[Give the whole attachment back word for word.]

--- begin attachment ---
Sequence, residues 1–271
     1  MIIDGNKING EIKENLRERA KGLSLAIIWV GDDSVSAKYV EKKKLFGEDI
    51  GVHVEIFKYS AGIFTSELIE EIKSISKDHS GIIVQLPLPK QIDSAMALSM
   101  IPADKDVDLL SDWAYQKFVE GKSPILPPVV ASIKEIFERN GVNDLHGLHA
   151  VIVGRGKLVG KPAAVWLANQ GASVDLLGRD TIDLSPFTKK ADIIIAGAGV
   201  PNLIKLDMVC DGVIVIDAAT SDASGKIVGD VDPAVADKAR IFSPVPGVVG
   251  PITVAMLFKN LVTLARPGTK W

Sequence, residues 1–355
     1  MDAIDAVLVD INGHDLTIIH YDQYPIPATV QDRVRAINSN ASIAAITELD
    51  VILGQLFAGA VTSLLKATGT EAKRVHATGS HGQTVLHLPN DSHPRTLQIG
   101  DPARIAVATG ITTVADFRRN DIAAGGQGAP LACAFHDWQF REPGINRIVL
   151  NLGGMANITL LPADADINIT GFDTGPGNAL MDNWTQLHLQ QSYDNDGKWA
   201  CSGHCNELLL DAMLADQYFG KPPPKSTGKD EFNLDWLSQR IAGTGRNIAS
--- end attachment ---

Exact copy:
Sequence, residues 1–271
     1  MIIDGNKING EIKENLRERA KGLSLAIIWV GDDSVSAKYV EKKKLFGEDI
    51  GVHVEIFKYS AGIFTSELIE EIKSISKDHS GIIVQLPLPK QIDSAMALSM
   101  IPADKDVDLL SDWAYQKFVE GKSPILPPVV ASIKEIFERN GVNDLHGLHA
   151  VIVGRGKLVG KPAAVWLANQ GASVDLLGRD TIDLSPFTKK ADIIIAGAGV
   201  PNLIKLDMVC DGVIVIDAAT SDASGKIVGD VDPAVADKAR IFSPVPGVVG
   251  PITVAMLFKN LVTLARPGTK W

Sequence, residues 1–355
     1  MDAIDAVLVD INGHDLTIIH YDQYPIPATV QDRVRAINSN ASIAAITELD
    51  VILGQLFAGA VTSLLKATGT EAKRVHATGS HGQTVLHLPN DSHPRTLQIG
   101  DPARIAVATG ITTVADFRRN DIAAGGQGAP LACAFHDWQF REPGINRIVL
   151  NLGGMANITL LPADADINIT GFDTGPGNAL MDNWTQLHLQ QSYDNDGKWA
   201  CSGHCNELLL DAMLADQYFG KPPPKSTGKD EFNLDWLSQR IAGTGRNIAS